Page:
- Inventory number
- Rubens, Peter Paul (and Workshop)
- Orpheus and Eurydice
- 1636 - 1637
- 196,5 cm x 247,5 cm
- On display
- Colección Real (Torre de la Parada, El Pardo-Madrid Cuarto Bajo, Pieza Segunda, 1701, s.n.; Torre de la Parada, Quarto Vajo Pieza segunda, 1747, nº 109; Palacio del Buen Retiro, Madrid, sala de conversación, 1772, nº 1001; Palacio Nuevo, Madrid, antecámara de las señoras infantas, 1794, nº 1001; Pinturas que posee la Real Academia de Bellas Artes de San Fernando, Madrid, 1796-1805, nº59; Real Academia de Bellas Artes de San Fernando, Sala Reservada,1827, nº 59; Museo Real de Pinturas a la muerte de Fernando VII, Madrid, Sala Reservada, 1834, nº56)
Orpheus descends into the Underworld to recover his wife, Eurydice, who died after being bitten by a serpent. Pluto and Proserpina, the god and goddess of the underworld, are so moved by the music of his lyre that they accede to his request. The only condition they impose is that he contains his desire and not look at his beloved until they have both fully departed the underworld.
On the basis of this story from Ovid's Metamorphoses (book X, 1-59), Rubens designs a very balanced painting. On the right are Pluto and Proserpina, whose gesture warns Orpheus of the conditions of their agreement. Below them is Cerberus, the dog who guards Hell. On the left, the deathly white body of Eurydice, still showing the serpent's bite, contrasts with the living body of Orpheus. He is depicted at the very moment when his feeling of love provokes him to look back at his beloved. This is just before she dissolves into smoke because he has not heeded the God's warning.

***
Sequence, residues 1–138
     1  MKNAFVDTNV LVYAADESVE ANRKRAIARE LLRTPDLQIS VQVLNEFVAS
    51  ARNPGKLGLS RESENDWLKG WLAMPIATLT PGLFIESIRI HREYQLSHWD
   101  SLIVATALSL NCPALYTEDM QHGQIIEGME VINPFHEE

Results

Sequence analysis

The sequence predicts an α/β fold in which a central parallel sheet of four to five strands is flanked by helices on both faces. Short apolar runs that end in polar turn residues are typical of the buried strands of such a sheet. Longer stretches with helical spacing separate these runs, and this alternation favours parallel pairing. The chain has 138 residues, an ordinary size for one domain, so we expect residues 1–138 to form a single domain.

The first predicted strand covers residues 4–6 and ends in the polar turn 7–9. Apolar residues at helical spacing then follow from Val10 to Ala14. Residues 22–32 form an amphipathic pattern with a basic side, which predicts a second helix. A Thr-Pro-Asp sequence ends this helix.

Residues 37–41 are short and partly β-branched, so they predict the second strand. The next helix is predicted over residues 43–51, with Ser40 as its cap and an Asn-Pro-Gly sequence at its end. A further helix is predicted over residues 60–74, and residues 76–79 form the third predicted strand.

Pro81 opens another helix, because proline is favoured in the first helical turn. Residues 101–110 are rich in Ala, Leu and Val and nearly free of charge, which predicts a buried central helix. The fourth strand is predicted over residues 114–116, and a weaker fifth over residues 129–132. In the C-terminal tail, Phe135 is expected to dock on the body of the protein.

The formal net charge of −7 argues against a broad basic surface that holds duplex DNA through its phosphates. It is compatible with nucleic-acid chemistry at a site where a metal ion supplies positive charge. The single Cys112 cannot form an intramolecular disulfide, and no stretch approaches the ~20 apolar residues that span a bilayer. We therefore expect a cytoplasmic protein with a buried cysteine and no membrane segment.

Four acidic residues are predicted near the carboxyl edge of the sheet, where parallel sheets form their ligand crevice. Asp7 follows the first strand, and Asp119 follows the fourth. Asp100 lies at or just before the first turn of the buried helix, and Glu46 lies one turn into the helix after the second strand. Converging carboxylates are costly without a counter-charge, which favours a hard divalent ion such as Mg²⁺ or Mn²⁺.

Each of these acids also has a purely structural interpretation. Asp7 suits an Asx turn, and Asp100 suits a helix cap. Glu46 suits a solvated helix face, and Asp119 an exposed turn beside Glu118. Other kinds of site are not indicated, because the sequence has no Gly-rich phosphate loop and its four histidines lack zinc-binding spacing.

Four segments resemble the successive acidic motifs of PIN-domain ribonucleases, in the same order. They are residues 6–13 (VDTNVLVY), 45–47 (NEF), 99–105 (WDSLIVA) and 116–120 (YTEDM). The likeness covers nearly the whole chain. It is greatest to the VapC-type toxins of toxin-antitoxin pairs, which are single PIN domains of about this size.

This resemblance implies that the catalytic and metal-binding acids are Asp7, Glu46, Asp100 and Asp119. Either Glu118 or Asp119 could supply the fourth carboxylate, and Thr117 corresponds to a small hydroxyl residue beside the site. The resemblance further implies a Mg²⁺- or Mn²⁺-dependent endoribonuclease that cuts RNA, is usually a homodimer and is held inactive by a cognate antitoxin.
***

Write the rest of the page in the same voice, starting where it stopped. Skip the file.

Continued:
In making this painting for the Torre de la Parada, Rubens based some figures on earlier models. Pluto is based on a figure by Michelangelo which Rubens had copied in his notebook during his trip to Italy, while the Eurydice's chaste gesture is based on some sculptures from Antiquity.